Research on the composition and structure of the board of directors is a thriving subject in the aftermath of the financial crisis. The discussion thus far has assumed that finding the right board members is extremely important because they tend to enhance corporate strategy and decision-making. Consider the case of Apple’s board. Following Steve Jobs’ return to the firm in 1997, he understood well the important role of the board of directors to both improve company productivity and build relationships with its suppliers and customers. In order for the board of directors to become a competitive advantage and help carry Apple forward, its members needed to have a thorough understanding of the computer industry and the firm’s products. Accordingly, a change in the composition of the board of directors was arguably a necessary first step to bring back focus, relevance and interaction (with the outside world) to the company in its journey to introduce disruptive innovations and creative products to its customers. The result was impressive: Between August 6th, 1997 (the day the “new” board was introduced) and August 23rd, 2011 (the last day of Jobs as the CEO of Apple), the stock price soared from $25.25 to $360.30, increasing 1,327 per cent.
Posts Tagged ‘Venture capital firms’
On August 16, 2013, the Delaware Court of Chancery issued a much-anticipated post-trial decision in In Re Trados Incorporated Shareholder Litigation, holding that the sale of Trados to SDL was entirely fair to the Trados common stockholders and that the Trados directors had not breached their fiduciary duties in approving the transaction.  The case involved a common fact pattern: the sale of a venture-backed company where (1) the holders of preferred stock, with designees on the board, receive all of the proceeds but less than their full liquidation preference, (2) the common stockholders receive nothing, and (3) members of management receive payments under a management incentive plan.
In Q2 2013, up rounds (including several second-stage seed financings) as a percentage of total deals increased modestly compared with Q1 2013. While pre-money valuations remained strong for both venture-led and angel Series A deals that had closings in Q2, valuations of companies doing Series B and later rounds declined significantly. Median amounts raised increased modestly for angel-backed Series A deals but fell for venture-backed companies, while amounts raised increased for Series B deals, but fell for Series C and later rounds.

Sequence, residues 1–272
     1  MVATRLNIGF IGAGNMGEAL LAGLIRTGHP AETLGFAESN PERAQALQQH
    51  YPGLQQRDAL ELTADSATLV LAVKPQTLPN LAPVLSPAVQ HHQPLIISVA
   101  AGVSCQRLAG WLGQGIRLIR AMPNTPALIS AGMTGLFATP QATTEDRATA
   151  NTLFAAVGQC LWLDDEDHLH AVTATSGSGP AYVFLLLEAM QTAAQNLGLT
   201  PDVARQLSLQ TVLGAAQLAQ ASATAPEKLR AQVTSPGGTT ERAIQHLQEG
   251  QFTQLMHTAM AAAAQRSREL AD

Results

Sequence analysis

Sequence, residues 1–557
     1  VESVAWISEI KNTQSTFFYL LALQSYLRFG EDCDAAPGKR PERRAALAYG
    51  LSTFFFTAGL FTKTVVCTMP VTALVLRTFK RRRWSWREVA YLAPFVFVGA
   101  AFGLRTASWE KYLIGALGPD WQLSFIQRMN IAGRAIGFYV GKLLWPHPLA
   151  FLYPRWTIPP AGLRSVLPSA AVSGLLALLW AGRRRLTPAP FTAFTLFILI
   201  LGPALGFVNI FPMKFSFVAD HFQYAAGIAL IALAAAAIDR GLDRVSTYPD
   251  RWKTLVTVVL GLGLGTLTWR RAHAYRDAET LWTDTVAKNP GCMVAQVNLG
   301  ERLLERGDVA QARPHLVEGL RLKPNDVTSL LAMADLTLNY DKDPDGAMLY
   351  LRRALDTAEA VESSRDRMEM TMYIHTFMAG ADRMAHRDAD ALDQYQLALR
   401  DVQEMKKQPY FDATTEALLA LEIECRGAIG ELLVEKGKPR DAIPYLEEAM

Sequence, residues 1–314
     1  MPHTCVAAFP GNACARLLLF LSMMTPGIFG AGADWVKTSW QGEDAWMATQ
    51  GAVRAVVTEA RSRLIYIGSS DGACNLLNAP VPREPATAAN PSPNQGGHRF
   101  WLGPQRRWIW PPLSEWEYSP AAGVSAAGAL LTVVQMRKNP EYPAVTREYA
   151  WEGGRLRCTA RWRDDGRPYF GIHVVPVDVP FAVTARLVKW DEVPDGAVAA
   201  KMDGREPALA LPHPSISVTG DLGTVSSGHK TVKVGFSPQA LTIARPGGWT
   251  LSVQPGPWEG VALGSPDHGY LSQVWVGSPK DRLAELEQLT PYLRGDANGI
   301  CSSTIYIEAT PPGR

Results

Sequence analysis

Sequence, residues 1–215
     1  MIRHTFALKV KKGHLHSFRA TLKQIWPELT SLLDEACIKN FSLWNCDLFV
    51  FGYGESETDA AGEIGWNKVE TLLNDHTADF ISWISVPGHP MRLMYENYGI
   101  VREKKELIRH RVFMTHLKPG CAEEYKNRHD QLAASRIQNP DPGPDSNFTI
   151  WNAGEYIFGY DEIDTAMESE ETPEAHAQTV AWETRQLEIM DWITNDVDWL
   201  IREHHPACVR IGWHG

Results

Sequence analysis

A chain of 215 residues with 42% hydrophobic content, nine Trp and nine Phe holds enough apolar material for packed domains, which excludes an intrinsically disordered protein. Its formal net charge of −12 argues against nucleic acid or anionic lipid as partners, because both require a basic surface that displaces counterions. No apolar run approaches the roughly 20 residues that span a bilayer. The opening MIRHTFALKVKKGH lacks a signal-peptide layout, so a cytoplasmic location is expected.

Deal terms remained broadly similar in 1H 2013 as compared with 2012, with a couple of notable exceptions. First, the use of uncapped participation rights in both up and down rounds continued to decline. Second, down rounds also saw a shift away from the use of senior liquidation preferences.
Up and Down Rounds
Up rounds represented 67% of all new financings in Q2 2013, an increase from 60% in Q1 2013 but still down markedly from the 76% figure for up rounds in Q4 2012. Similarly, down rounds as a percentage of total deals declined from 26% in Q1 2013 to 18% in Q2 2013, but were still higher than the 14% figure for Q4 2012. The percentage of flat rounds grew slightly, from 14% of all deals in Q1 2013 to 15% in Q2 2013.
In Carsanaro v. Bloodhound Technologies, Inc., 2013 WL 1104901 (Del. Ch. Mar. 15, 2013), Vice Chancellor Laster of the Court of Chancery denied defendants’ motion to dismiss a complaint alleging breaches of fiduciary duties and statutory violations, among other things, in connection with several rounds of venture capital financings for a start-up healthcare technology company (“Bloodhound” or the “Company”).
In the late 1990s, Bloodhound began developing a web-based software application to monitor healthcare claims for fraud. From 1999 to 2002, the Company issued five series of preferred stock, designated Series A through Series E. Plaintiffs, former common stockholders of Bloodhound, alleged that in the Series D and Series E capital raises, the venture capital firms investing in the Company used their control over the Company’s board of directors to approve financings that unfairly diluted the common stock, undervalued the Company, and improperly benefited the venture capital firms and management. Plaintiffs also challenged a 1-for-10 reverse stock split of the common stock carried out in connection with the Series E refinancing in 2002. In addition to their challenges to transactions in 2001 and 2002, plaintiffs alleged that the board had acted wrongfully in 2011 when it agreed to sell the Company to a third party for $82.5 million, and approved a management incentive plan (“MIP”) that allocated $15 million, or about 19 percent of the merger proceeds, to the Company’s management. Plaintiffs alleged that, as a result of the dilutive financings and the MIP, they received only approximately $36,000 for their common shares in the merger.